Ah, Facebook. The generator of …. deep, potentially volatile, conversation?
So this week on Facebook, the old-ish article ‘Nerds and Male Privilege’ has been re-winging its way around my feed. I will totally admit that I posted it on my own page quite some time ago, as it’s something I want to keep forever and ever and hug it and squeeze it and name it George. Dr. NerdLove’s blog is one that I find to be a good read, in fact – and this particular article is well written as well as (in my opinion) pretty much spot on. Especially telling is that the response – on my page as well as on the pages of others has basically been something like this:
Girls: “YES. YES, a thousand time, YES. THIS IS SO TOTALLY IT.”
Guys: “Um… well… yeah, I guess? Maybe? Though not really…”
(Right, loves – that’s a generalisation. I admit it. But that is basically it.)
It’s exactly the reaction – especially from the guys – that Dr. N-L talks about. It’s only, like, four paragraphs before he says exactly this, and repeats it through the article. And still, there are those guys who say, “Eh…but what about….?” What about what, mansplaining? Urg.
Yet a question, and a reasonable one, was posed by my indomitable friend Sean: What’s the solution? He even admits that he is part of the problem, but still asks, what do we do that will result in change?
Well, in light of things like the so-called GamerGate ‘movement’, and both certainly as well as likely correlated events that left some game reviewers feeling so threatened that they left their homes, or a transgender developer’s apparent suicide, I feel like I needed to try and answer this. The underlying attempt to suppress diversity in the gaming community that so-called movement, and the pervasive attitude that discourages some, especially women, from participating and contributing to the industry, is … well, it’s a Thing. It’s a big Thing that reflects not only the state of gaming, but also social media’s affect on culture and the polarising trend in politics, the legal issues and complications surrounding cyber-bullying, and a whole lot of other stuff.
(BeeTeeDubs, I recommend reading Brianna Wu’s personal account of the ways in which the GamerGate movement has affected her. Not only is it a Thing in and of itself, but it includes a number of additional links for reading if you’re interested.)
So I started thinking. Then I tried to write my response in a Facebook comment, but (not shockingly, if you know me… or you’ve read this far already) it became too long. I decided to put it here, on my blog (plus, I can use italics in WordPress)… so this is it, in all its ‘DISCLAIMER: I say what I’m thinking and that’s sometimes harsh and/or unreasonable’ glory.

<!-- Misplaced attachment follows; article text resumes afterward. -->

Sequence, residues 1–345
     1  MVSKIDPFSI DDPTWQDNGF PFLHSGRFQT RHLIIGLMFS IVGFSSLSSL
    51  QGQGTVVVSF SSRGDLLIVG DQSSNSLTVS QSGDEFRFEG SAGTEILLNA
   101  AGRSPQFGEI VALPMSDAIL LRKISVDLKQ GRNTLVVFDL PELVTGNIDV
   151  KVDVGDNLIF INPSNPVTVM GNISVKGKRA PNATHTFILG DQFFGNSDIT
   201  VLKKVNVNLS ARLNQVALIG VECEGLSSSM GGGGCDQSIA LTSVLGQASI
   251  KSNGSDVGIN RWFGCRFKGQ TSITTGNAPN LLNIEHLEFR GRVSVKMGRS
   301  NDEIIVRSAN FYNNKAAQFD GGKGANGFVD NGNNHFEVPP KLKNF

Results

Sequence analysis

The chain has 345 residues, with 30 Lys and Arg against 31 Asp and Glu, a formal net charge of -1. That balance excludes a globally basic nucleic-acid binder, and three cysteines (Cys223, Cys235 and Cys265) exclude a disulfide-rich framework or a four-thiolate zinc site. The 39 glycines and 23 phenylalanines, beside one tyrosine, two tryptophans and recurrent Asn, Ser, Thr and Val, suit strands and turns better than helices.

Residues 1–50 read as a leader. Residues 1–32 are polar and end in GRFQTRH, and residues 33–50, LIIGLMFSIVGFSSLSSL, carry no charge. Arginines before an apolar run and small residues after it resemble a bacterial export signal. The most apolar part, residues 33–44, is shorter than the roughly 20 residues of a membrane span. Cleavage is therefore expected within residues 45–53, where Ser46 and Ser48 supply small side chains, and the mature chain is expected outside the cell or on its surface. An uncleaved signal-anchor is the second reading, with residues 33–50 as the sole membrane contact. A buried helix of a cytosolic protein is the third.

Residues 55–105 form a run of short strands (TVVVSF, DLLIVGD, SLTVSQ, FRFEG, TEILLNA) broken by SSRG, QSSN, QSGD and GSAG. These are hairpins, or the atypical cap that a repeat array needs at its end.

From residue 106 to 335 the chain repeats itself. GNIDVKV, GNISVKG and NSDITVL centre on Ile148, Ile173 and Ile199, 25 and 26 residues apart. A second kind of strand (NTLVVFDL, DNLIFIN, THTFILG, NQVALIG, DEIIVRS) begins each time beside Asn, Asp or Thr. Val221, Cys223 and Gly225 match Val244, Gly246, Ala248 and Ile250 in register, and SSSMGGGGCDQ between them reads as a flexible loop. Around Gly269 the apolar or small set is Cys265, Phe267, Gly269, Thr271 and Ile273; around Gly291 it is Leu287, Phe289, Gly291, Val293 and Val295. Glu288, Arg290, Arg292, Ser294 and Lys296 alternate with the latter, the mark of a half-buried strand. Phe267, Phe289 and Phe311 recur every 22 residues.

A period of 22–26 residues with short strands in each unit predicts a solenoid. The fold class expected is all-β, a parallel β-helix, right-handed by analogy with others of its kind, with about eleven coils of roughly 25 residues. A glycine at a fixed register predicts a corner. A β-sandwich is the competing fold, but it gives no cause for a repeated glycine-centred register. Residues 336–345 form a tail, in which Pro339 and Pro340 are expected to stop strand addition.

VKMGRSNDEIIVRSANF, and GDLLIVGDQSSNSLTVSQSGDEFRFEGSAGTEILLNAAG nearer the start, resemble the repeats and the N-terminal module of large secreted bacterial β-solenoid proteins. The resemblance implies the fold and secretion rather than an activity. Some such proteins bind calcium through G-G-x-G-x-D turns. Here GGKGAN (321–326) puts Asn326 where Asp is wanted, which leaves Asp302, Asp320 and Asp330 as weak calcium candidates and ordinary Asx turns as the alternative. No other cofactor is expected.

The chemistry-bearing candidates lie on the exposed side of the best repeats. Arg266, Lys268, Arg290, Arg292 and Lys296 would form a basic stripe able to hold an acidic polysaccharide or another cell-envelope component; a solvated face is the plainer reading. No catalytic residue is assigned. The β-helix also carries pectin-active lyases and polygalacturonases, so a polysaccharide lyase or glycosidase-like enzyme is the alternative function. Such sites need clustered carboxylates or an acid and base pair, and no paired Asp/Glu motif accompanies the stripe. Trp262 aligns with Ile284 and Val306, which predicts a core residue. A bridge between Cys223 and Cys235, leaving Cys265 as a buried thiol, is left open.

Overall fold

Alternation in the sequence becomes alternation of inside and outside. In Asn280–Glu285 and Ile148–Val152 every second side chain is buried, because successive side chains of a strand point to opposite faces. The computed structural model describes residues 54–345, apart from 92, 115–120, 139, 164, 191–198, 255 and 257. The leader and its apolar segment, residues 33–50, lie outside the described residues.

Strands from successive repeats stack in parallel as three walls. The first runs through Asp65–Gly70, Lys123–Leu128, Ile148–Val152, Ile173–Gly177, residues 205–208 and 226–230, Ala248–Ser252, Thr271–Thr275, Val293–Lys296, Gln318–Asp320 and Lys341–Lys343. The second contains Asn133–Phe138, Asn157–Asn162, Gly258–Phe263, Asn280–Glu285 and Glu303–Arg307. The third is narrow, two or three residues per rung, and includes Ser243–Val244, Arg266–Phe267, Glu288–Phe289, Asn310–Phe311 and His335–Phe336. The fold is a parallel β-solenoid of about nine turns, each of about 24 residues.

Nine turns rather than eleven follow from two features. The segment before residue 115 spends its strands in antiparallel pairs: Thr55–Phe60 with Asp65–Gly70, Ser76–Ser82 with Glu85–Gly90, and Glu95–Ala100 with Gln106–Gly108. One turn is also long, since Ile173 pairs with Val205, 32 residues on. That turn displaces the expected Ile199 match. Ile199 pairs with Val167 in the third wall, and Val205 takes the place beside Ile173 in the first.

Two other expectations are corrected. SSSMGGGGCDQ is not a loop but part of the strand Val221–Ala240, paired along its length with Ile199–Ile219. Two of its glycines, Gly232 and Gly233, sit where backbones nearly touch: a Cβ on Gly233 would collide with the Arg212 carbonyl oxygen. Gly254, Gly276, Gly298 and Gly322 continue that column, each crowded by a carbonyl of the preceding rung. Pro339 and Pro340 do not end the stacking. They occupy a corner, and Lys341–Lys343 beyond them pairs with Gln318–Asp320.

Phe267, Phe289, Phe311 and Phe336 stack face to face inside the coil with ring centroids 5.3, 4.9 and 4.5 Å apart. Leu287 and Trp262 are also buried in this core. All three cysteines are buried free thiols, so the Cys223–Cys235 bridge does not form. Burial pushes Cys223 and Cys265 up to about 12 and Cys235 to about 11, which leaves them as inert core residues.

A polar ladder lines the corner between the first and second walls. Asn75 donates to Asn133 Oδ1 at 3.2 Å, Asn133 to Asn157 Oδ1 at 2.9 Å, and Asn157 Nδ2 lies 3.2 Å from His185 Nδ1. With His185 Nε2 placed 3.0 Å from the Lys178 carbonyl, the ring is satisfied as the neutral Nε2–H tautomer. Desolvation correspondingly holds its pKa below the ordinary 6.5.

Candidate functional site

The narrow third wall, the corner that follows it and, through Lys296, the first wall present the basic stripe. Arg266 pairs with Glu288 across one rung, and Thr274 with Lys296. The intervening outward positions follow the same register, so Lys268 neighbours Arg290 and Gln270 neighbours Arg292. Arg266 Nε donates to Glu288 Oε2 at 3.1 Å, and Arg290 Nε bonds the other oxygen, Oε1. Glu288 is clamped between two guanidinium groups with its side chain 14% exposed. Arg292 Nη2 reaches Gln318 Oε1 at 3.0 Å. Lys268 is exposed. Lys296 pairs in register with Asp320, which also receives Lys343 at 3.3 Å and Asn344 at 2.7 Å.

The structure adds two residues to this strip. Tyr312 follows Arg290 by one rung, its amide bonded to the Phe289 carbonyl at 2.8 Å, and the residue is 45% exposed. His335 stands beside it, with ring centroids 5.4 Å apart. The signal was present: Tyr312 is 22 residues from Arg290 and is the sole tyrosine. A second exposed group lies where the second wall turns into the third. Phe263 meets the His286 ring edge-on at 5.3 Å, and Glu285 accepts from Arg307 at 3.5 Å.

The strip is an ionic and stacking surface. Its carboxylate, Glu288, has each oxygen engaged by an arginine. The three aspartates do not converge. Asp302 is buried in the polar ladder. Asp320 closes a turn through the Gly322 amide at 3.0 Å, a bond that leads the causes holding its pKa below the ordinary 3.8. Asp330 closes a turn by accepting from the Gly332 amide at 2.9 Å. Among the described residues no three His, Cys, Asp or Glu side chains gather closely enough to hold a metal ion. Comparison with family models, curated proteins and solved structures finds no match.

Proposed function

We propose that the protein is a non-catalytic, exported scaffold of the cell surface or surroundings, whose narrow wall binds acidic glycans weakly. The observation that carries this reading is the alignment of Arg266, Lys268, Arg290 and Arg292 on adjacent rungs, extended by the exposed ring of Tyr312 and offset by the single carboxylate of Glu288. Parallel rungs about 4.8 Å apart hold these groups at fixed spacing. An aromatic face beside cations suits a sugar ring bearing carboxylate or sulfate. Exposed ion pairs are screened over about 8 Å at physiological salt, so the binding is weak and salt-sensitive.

Just note two things: One, part of my job as an editor is within the gaming and comic industries, and two, this is a response to a comment in a long thread, so there is context that you’re missing. I’m not going to repost any of the thread because I don’t have the permission of all the people involved.
What can one do differently? Sean, you’ve admitted you’re part of the problem. Well, one of things that can be done differently is for you — the predominately male collection of writers and produces and etc of geek publications/media/etc — to stop being a part of the problem. Someone has to go first. That is the way that change happens, and in this industry, it’s overwhelming the fact that those who are in the position of privilege are the ones who are going to have to do it, because there simply aren’t enough women in the industry to do it themselves. I know it’s an extreme illustration and not actually a correlation, but you could think of it this way: someone had to keep her seat on the bus before others started to sit in before others marched on Washington. They got fucked for a while, but eventually that hardship paid off and there was change. If you prefer, look at the Occupy Wall Street folks. Or at the Arab Spring. This is nearly always how change happens.
So yes, you may take a hit in the pocketbook for some period of time, but consider the fact that the more that we (females) can look to a culture we are a part of and want to find ourselves represented in and actually find ourselves represented in some way other than the candyfloss costumes and the ‘oh, God, come save me’ complexes (most of which aren’t representative of us, or aren’t how we want to be), the more we will be willing to put our money into that culture. The female geek population is an almost entirely untapped resource — some of us get involved because our boy/guy-friends buy us a comic in the hope that we might like it, or we buy a few because we know that they will. Some of us stumble into it. But rarely are we directly marketed to. Sometimes we stick to a video game or a graphic novel, but over all? There’s very little to make us want to stay and keep pouring our money into something that only perpetuates the stereotype that we must all be tiny, sexy, dressed in barely anything and either a crazy murder-tastic bitch or a damsel in need of saving, and absolutely nothing else.